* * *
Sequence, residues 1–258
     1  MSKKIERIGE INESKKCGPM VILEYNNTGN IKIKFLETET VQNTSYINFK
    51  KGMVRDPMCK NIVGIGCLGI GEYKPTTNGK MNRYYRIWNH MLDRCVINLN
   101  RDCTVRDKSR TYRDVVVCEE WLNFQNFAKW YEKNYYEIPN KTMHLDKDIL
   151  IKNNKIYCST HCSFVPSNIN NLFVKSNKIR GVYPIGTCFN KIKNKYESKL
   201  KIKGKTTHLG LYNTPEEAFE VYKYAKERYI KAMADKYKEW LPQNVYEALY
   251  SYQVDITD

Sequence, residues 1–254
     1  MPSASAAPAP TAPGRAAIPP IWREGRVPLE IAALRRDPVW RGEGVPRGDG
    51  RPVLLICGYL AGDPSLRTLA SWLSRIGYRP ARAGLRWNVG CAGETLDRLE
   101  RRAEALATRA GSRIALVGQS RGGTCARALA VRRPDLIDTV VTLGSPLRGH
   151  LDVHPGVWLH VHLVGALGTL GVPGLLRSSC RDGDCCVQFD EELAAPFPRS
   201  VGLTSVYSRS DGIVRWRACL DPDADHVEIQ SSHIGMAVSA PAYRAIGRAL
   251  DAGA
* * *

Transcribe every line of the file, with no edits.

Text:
Sequence, residues 1–258
     1  MSKKIERIGE INESKKCGPM VILEYNNTGN IKIKFLETET VQNTSYINFK
    51  KGMVRDPMCK NIVGIGCLGI GEYKPTTNGK MNRYYRIWNH MLDRCVINLN
   101  RDCTVRDKSR TYRDVVVCEE WLNFQNFAKW YEKNYYEIPN KTMHLDKDIL
   151  IKNNKIYCST HCSFVPSNIN NLFVKSNKIR GVYPIGTCFN KIKNKYESKL
   201  KIKGKTTHLG LYNTPEEAFE VYKYAKERYI KAMADKYKEW LPQNVYEALY
   251  SYQVDITD

Sequence, residues 1–254
     1  MPSASAAPAP TAPGRAAIPP IWREGRVPLE IAALRRDPVW RGEGVPRGDG
    51  RPVLLICGYL AGDPSLRTLA SWLSRIGYRP ARAGLRWNVG CAGETLDRLE
   101  RRAEALATRA GSRIALVGQS RGGTCARALA VRRPDLIDTV VTLGSPLRGH
   151  LDVHPGVWLH VHLVGALGTL GVPGLLRSSC RDGDCCVQFD EELAAPFPRS
   201  VGLTSVYSRS DGIVRWRACL DPDADHVEIQ SSHIGMAVSA PAYRAIGRAL
   251  DAGA